THE HIDDEN ROOTS OF WHITE SUPREMACY: And the Path to a Shared American Future, by Robert P. Jones
When Joe Biden became the first sitting U.S. president to use the term “white supremacy” — in a 2021 speech commemorating the 100th anniversary of the Tulsa race massacre — he gave voice to the views of countless other Americans who share his concern about the country’s often forgotten histories of racial violence. “
As painful as it is,” Biden said, “only in remembrance do wounds heal. We just have to choose to remember.” Coming one year after the killing of George Floyd, Biden’s remarks — like much of his presidency — have encouraged national reflection and reassessment.
Robert P. Jones’s stimulating new book, “The Hidden Roots of White Supremacy,” examines a series of such reckonings. In lucid prose and evocative detail, he contextualizes these attempts at racial healing within a broader, and much older, history of injustice and moral failure, suggesting that in order “to understand who and where we are, we need our ‘in the beginning’ to start much earlier.”
To his credit, Jones centers both African American and American Indian oppression, avoiding “the myopic Black/white binary” that silos much contemporary scholarship. “Upstream from the stories of violence toward African Americans,” he writes, “were the legacies of genocide and removal of the land’s Indigenous peoples.” Full of urgency and insight, his book is a compelling and necessary undertaking.
A religious studies scholar and president of the Public Religion Research Institute, Jones begins with an impassioned moral charge: Racism predated the arrival of African slaves on the continent, helped to fuel the rise of the United States and still pervades our society. This history is also at the heart of polarized conceptions of American identity, for which presidents Barack Obama and Donald Trump provide opposing symbols.
Less focused on racial disparities in income or educational attainment than on cultural forces of resistance, including “white Christian nationalism,” Jones sees within contemporary America a pernicious refusal to accept “remembrance” of the form that Biden has promoted. The nation can never fully achieve its ethical and political aspirations while living with falsehoods about its past, Jones suggests; though American history may constitute a challenging battleground, it provides essential moral guidance.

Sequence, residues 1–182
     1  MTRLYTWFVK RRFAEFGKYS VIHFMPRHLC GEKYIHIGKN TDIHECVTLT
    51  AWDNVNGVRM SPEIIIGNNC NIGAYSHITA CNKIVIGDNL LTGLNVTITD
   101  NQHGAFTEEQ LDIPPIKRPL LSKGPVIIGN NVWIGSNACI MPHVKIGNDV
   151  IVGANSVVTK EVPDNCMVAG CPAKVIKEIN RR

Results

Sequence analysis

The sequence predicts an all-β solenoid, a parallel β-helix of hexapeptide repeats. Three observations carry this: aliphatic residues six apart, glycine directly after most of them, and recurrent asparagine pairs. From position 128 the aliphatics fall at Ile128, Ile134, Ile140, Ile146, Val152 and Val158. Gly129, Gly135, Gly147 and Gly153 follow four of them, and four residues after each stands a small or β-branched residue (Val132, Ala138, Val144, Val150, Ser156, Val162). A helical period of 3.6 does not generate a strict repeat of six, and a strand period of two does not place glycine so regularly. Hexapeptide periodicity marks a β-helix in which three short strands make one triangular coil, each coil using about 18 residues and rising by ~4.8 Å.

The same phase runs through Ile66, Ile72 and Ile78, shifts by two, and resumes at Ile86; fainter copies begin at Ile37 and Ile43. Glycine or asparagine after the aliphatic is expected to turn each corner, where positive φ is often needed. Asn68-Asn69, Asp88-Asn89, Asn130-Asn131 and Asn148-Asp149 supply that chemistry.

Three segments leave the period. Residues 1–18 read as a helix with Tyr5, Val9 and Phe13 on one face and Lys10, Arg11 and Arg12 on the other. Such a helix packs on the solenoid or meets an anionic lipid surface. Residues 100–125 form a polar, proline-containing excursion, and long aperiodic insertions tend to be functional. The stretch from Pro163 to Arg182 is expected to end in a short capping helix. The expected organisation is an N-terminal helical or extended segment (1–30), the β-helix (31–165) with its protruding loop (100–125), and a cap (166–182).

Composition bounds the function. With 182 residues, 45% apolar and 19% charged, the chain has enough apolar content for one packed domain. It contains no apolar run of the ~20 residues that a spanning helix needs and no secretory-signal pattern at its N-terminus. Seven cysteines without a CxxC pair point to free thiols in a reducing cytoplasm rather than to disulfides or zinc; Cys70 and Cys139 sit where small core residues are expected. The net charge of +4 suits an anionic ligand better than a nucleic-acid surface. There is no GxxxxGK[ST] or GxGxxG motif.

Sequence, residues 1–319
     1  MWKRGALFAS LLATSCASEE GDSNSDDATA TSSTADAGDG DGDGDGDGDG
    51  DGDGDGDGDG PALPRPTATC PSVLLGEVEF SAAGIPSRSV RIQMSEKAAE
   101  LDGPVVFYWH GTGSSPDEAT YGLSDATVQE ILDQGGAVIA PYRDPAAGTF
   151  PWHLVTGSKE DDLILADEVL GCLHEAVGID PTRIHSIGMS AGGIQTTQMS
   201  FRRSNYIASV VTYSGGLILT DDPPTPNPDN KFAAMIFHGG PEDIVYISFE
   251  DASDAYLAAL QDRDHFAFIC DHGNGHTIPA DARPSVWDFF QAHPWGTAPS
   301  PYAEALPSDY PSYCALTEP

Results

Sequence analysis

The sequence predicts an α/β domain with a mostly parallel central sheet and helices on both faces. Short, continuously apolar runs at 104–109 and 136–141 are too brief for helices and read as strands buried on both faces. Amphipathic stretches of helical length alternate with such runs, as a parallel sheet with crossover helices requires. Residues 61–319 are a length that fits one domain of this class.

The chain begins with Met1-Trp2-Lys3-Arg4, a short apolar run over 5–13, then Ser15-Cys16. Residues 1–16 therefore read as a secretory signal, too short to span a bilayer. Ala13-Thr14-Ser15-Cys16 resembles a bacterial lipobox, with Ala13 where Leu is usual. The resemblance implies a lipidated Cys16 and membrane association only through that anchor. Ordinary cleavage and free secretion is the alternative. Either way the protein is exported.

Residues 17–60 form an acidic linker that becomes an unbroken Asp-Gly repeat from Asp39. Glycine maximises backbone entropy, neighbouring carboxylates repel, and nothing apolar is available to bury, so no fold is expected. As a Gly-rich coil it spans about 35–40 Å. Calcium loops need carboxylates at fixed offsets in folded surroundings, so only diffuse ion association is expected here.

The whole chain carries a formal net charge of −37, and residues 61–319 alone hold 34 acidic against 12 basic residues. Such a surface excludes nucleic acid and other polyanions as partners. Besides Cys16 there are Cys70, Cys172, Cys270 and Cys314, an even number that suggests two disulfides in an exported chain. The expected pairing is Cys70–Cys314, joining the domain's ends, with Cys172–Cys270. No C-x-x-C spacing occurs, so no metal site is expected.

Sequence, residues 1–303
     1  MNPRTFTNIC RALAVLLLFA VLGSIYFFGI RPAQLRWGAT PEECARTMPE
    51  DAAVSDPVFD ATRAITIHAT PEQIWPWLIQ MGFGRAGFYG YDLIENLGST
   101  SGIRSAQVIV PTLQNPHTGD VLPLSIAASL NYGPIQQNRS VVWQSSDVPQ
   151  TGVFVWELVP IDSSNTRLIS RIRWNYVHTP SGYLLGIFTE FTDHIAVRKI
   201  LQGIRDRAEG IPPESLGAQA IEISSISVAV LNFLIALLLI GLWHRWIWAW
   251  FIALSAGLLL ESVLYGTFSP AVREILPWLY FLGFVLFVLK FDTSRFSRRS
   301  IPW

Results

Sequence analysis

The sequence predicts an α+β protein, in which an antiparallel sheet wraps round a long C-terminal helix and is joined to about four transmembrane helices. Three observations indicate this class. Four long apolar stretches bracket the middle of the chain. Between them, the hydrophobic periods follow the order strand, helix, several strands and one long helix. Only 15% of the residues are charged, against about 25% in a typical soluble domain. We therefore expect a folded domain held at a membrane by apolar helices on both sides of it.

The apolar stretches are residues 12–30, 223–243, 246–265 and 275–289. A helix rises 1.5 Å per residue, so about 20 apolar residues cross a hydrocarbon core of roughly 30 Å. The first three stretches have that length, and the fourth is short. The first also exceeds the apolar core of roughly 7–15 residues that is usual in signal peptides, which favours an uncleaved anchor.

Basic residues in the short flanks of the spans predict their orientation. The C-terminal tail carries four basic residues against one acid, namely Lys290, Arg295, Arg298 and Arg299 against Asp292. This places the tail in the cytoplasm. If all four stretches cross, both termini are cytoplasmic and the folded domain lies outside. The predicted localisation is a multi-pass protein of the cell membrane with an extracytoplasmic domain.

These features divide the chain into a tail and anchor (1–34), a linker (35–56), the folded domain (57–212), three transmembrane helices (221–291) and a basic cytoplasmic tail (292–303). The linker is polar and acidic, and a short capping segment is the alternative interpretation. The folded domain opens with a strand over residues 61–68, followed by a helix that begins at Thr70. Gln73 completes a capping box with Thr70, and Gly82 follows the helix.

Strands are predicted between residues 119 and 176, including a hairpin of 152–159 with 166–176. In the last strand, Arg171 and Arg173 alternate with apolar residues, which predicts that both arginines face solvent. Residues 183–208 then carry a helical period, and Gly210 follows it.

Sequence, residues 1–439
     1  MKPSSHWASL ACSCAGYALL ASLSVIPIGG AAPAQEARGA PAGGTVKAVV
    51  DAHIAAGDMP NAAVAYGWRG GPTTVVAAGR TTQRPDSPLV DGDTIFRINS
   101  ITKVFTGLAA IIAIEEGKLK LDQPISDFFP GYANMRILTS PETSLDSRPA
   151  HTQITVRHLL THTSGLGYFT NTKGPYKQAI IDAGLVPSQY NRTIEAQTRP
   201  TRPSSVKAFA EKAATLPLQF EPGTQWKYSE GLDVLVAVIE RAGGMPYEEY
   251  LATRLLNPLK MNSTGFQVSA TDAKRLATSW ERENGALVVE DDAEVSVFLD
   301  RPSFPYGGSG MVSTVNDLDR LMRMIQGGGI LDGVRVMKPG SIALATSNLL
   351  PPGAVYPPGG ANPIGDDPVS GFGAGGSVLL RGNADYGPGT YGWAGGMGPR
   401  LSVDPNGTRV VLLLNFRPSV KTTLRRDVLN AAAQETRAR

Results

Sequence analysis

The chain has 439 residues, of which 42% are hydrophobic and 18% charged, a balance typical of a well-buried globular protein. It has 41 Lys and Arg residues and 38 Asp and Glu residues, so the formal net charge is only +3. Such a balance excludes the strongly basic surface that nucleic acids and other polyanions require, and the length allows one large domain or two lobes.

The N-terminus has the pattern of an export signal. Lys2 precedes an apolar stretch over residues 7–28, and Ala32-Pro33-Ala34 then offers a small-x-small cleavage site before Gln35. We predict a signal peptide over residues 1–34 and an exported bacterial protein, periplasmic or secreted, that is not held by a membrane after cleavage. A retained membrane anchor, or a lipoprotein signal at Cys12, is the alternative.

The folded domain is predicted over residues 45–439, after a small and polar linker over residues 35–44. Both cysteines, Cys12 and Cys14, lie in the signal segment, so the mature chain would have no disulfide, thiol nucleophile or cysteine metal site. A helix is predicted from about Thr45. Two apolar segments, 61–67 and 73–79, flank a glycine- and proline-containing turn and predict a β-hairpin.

Given the vastness of his material, he has chosen to focus on three communities grappling with a history of racism: Tallahatchie County, Miss.; Duluth, Minn.; and Tulsa, Okla. In all three places, the removal of Indigenous populations in the 19th century was followed by murders of Black citizens in the 20th. These latter acts have recently become subjects of commemoration by community leaders willing to confront the difficulties of historical “truth-telling.”
Mississippi, Jones’s home state, offers him his most impassioned and extended case study. The killing of Emmett Till, the acquittal of his murderers and the decades-long attempt at a public reckoning over his death are movingly recounted, serving as a distillation of the nation’s troubled race relations. Years of effort in Mississippi have failed to dislodge what Jones terms “the forces of white supremacy,” which hardened in 2022 when the state passed a law to ban the teaching of “critical race theory” — despite “no evidence that anything resembling critical race theory … was being taught in state primary and secondary public schools.”
One of Jones’s boldest suggestions is to locate the “roots” of American racism not in 1619 or other defining moments in the history of American slavery, but much further back, within religious practices developed in the aftermath of the